The path a drug travels from a lab to your medicine cabinet is usually long, and every drug takes a unique route. Often, a drug is developed to treat a specific disease. An important use of a drug may also be discovered by accident.
For example, Retrovir (zidovudine, also known as AZT) was first studied as an anti-cancer drug in the 1960s with disappointing results. Twenty years later, researchers discovered the drug could treat AIDS, and Food and Drug Administration approved the drug, manufactured by GlaxoSmithKline, for that purpose in 1987.
Most drugs that undergo preclinical (animal) testing never even make it to human testing and review by the FDA. The drugs that do must undergo the agency’s rigorous evaluation process, which scrutinizes everything about the drug - from the design of clinical trials to the severity of side effects to the conditions under which the drug is manufactured.
Why Should You Attend?
The Drug Discovery and Development (but also the biologics and medical device) process is a very complex process with every participant focusing on their particular piece of discovery or development. You may squander your life in your part of the process, without ever understanding the complete picture. While you may hear or see the other parts by interacting with colleagues from other parts of the process you never quite get the whole picture. Add to that, different regulatory agencies have different requirements and it often feels like pieces of a jigsaw puzzle which you see at random, never quite understanding how they all fit together to get the big picture.
This leaves you confused, causes friction between departments and leaves the company prone to errors and mishaps that can be avoided if you understood what the other parts of the company and an FDA inspector require of you. This in turn results in delayed timelines, product recalls and operational inefficiencies.
In this LIVE audio conference, expert speaker Angela Bazigos would lay out the whole process systematically and in a simplified manner. She will help you understand how what you do, your goals and objectives, contribute to the overall success of the company, both in terms of product approval by the FDA or in terms of successful inspection outcomes. At the end of the session, you will be able to have better communication with your functional colleagues and the quality and regulatory affairs departments. This will lead to higher quality product, easier approvals, fewer errors and much less friction between departments.
Areas covered in the session:
- Stages of drug development and review
- Drug review steps simplified
- Reviewing applications
- Accelerated approvals
- Bumps in the road
- The role of user fees
- The quality of clinical trials
- How drugs are approved
- How does the FDA differ from other regulatory authorities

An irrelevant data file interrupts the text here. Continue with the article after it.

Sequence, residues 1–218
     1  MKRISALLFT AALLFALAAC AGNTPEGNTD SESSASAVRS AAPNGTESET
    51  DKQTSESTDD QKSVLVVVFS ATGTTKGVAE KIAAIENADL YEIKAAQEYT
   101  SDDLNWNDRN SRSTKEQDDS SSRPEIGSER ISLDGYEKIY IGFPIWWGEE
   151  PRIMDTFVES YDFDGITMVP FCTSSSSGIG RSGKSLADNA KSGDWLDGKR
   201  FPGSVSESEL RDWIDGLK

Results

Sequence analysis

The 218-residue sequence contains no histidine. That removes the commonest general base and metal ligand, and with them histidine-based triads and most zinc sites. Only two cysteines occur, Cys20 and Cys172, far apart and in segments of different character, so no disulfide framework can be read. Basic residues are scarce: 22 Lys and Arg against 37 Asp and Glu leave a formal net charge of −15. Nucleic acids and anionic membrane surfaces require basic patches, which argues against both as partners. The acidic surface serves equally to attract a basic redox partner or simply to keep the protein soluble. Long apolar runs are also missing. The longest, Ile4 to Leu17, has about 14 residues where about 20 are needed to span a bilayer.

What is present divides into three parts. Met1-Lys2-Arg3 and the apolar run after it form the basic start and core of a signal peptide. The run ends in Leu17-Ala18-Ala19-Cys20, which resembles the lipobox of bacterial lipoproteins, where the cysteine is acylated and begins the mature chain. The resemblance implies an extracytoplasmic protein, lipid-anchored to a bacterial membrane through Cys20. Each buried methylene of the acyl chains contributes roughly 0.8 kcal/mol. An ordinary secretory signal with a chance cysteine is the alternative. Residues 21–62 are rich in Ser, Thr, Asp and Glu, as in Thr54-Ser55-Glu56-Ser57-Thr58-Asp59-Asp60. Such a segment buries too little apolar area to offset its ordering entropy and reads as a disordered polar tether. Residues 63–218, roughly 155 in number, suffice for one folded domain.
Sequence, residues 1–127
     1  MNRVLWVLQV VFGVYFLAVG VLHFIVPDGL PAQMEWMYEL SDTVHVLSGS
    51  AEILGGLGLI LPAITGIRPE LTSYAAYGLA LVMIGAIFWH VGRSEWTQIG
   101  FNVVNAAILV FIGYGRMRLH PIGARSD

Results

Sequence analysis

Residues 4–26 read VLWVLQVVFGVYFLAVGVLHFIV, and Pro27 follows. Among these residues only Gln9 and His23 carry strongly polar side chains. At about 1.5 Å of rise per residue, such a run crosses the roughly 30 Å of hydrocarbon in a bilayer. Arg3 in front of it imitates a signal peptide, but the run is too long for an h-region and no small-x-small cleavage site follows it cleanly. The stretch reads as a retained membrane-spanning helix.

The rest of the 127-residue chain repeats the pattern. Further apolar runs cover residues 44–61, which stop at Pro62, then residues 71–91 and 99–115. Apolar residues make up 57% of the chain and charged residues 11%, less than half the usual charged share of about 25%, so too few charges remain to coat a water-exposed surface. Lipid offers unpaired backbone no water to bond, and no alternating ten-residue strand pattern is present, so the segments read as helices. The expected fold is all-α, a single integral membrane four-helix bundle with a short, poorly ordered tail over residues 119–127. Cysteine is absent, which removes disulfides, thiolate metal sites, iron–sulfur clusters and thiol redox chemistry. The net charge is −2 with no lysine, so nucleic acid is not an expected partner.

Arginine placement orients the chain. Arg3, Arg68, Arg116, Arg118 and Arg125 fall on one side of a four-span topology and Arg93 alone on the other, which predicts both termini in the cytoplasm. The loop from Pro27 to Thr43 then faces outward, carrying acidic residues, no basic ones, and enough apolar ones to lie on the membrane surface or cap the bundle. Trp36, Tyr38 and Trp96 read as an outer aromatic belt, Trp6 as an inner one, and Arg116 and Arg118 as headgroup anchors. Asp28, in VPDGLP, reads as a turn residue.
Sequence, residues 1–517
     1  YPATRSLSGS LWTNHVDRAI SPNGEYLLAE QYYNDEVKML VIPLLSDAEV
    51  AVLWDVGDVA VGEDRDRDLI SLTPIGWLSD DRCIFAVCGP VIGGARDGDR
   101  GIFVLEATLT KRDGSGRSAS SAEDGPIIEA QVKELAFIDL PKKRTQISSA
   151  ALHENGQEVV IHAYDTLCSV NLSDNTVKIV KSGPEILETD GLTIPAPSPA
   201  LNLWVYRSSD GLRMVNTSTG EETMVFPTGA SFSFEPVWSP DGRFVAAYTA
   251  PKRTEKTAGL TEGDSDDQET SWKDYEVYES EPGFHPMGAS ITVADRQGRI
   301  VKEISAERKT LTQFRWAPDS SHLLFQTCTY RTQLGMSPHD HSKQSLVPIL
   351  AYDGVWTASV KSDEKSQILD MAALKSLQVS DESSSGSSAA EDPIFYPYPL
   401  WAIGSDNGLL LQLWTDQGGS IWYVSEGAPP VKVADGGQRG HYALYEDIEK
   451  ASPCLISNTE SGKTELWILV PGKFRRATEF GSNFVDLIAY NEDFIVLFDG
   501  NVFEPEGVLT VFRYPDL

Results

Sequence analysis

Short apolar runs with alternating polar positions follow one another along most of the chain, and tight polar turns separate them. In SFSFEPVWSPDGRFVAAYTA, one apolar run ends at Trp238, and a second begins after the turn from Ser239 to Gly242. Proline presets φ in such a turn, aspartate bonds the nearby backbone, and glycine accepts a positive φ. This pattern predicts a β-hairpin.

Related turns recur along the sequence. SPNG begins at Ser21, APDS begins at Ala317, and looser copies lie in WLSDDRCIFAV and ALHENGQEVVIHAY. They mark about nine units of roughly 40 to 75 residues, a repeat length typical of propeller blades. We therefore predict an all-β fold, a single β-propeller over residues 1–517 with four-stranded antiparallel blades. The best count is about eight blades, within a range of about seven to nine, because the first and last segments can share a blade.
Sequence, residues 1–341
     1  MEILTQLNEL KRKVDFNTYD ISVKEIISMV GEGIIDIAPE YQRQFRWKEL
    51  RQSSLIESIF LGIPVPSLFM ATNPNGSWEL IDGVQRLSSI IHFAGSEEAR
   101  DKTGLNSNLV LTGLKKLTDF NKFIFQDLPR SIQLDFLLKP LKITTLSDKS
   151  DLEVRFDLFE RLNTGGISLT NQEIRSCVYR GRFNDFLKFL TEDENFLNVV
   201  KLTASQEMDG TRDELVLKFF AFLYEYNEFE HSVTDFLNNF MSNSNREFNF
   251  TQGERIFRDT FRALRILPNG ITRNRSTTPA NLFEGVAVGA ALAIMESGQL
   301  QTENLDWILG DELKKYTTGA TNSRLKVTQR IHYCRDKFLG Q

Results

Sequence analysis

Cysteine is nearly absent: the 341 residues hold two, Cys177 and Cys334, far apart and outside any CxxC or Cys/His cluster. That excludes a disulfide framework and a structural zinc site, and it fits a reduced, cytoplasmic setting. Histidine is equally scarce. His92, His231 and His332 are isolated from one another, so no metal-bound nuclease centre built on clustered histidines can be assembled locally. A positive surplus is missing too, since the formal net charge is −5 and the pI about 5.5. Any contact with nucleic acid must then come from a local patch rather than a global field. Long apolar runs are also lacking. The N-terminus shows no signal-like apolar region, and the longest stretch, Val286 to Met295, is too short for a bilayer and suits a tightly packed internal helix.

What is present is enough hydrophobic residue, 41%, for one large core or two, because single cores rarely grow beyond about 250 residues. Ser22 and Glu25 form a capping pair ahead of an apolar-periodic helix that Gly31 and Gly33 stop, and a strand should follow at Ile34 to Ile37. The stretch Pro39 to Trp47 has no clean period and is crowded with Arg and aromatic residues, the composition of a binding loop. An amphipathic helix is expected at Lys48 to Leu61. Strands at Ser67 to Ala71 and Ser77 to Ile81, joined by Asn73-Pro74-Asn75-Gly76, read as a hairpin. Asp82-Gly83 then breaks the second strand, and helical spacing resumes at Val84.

- Frequently asked questions about the FDA drug approval process
Ms Angela Bazigos,
Touchstone Technologies Silicon Valley
Angela Bazigos.CEO of Touchstone Technologies Inc. She has 40 years of experience in the Life Sciences & Healthcare Industries. Experience combines Quality Assurance, Regulatory Compliance, Business Administration, Information Technology, Project Management, Clinical Lab Science, Microbiology, Food Safety, Turnarounds and Business Development. Past employers / clients include Roche, Novartis, Genentech & PriceWaterhouseCoopers. Positions include Chief Compliance Officer at Morf Media. Co-authored & prototyped 21 CFR 11 guidance with FDA. Co-authored Computerized Systems in Clinical Research w/ FDA. Patent on speeding up software compliance. Recently quoted in Wall Street Journal for using training to bring regulatory compliance to the Boardroom. National Trainer for Society of Quality Assurance. Comments / collaborates with FDA on new guidance documents. Former President of Pacific Regional Chapter of Society of Quality Assurance. Stanford’s Who’s Who for Life Sciences.
This is a fundamental course that will benefit the following people:
- Anyone that works or plans to work in Pharmaceutical, Biotechnology or Medical Device Industries will benefit
- Anyone that is already working in the above industries, but is transferring from one part of the industry to another part (e.g. transferring from discovery to development of vice versa)
- Anyone that works in companies that support the above e.g., IRBs, CROs, Data Monitoring Companies
- International attendees that may be familiar with the above process in their country and for their regulatory authorities, but wants to learn the process as expected by the FDA
- Pharmaceutical Companies
- Biotechnology Companies
- Medical Device Companies
- Data Monitoring Companies